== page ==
A lawyer working with victims of historical gay hate crimes has warned New South Wales’ judicial inquiry into the violence is “too narrow”, including for survivors who want answers.
Last Saturday, NSW Premier Dominic Perrottet launched the special commission of inquiry, headed by Supreme Court judge John Sackar.
It will look into dozens of unsolved suspected gay hate murders in the state between 1970 and 2010.
It’s hoped the inquiry will uncover new evidence or previously unreported deaths during the decades-long spate of gay hate violence in Sydney.
Nicholas Stewart is a criminal lawyer and partner at LGBTIQ+ law firm Dowson Turco Lawyers. Stewart and his firm have worked with some of the survivors.
“A generation of people endured hate crimes that were often fatal,” he wrote in the Sydney Morning Herald.
“Often, their experiences were met with indifference, bias and negligence from police, health workers and the justice system.
“Victims, and victims’ families and friends, are hurting.”
Stewart highlighted the case of gay man Alan Rosendale. Attackers bashed the gay man unconscious in a gutter in Sydney in 1989.
“Mr Rosendale had been at a gay beat the night he was assaulted,” Stewart said.
“Immediately before he was chased and bashed, he had witnessed four men exiting a vehicle and grabbing clubs from the boot.
“He was set upon. Everyone at the beat bolted, but Mr Rosendale could not get away. He was in hospital for days.
“The police report blamed skinheads. But a third-party witness recorded the assailants’ numberplate.
Hate crime inquiry’s terms of reference ‘too narrow’
Nicholas Stewart said the special commission of inquiry into the deaths is a “huge step forward”.
“But the commission’s terms of reference are too narrow and will not allow for investigations into matters like Mr Rosendale’s bashing,” he said.
“From a legal view, only a royal commission is appropriate for an inquest into what has been decades of targeted murders and bashings against the gay and transgender community.
“A royal commission with wide terms of reference would also allow for all kinds of evidence to be considered.
“Not only could suspects, police investigators, friends and colleagues of victims be summonsed to give evidence, but tip-offs and gossip could also be interrogated and reported upon.”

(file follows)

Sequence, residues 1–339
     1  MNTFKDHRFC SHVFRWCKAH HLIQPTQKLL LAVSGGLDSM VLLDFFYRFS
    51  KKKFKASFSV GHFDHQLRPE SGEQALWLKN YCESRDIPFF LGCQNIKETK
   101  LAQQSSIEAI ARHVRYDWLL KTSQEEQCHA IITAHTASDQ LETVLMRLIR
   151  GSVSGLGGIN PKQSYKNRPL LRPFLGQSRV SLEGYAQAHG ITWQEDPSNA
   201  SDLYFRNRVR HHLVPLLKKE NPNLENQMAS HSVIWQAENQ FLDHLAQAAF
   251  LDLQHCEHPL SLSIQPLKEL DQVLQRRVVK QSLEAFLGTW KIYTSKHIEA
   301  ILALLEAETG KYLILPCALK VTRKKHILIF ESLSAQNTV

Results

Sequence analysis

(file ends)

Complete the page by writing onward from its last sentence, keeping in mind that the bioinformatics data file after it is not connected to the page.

“An inquiry into decades of gay and transgender murders, bashings and robberies must have as its focus interrogating matters to a point of identifying evidence that can be used in future criminal prosecutions for murder, assault and robbery.
“The special commission of inquiry announced [by the NSW government] does not have those powers.
“Only a royal commission with wide terms of reference can do this.”
A spokesperson for NSW Attorney-General Mark Speakman said “special commissions of inquiry were created to deal with specific allegations, including allegations of specific criminal activity” and possess “the substantial powers of a royal commission”.
Commissioners are required to report to the NSW governor, including whether there was evidence that warranted charges being laid, the spokesperson said.
‘We surprise them when they are not expecting it’
During the decades-long spate of brutal bashings and murders in Sydney, many gangs targeted gay men at gay beats. Victims were often found at the bottom of cliffs.
Nicholas Stewart recalled hearing accounts of the homophobic gang violence as a teenager in the 1990s.
He told the Herald a co-worker had told him at age 14, “Me and my boys go looking for poofs to bash every weekend.
“You can find them on the beaches. They go there to ‘be alone’ and we surprise them when they’re not expecting it.”
Stewart said he “didn’t even know I was gay at the time”.
“But I was suddenly gripped with fear. I walked home from my shift that night anxious and scared,” he said.
“Not long after, I was then told by a friend at high school that a new boy was involved with a gang who went out on Saturday nights to target gay men on the northern beaches.”
Inquiry will ‘work to close a dark chapter of NSW history’
New South Wales Premier Dominic Perrottet announced the special commission of inquiry last weekend.
He said the unsolved deaths “have left loving families without answers for too long.”
“This inquiry provides an opportunity to focus further scrutiny on suspected hate crimes,” he said.
“Under the leadership of Justice Sackar [it] will work to close a dark chapter of our state’s history that’s left an indelible mark.”
The inquiry will give Justice Sackar the power to call witnesses, hold hearings and also inspect documents.
He’ll also draw on the findings of previous inquiries and reports into the deaths.
Justice Sackar will then deliver a final report by June 30, 2023.
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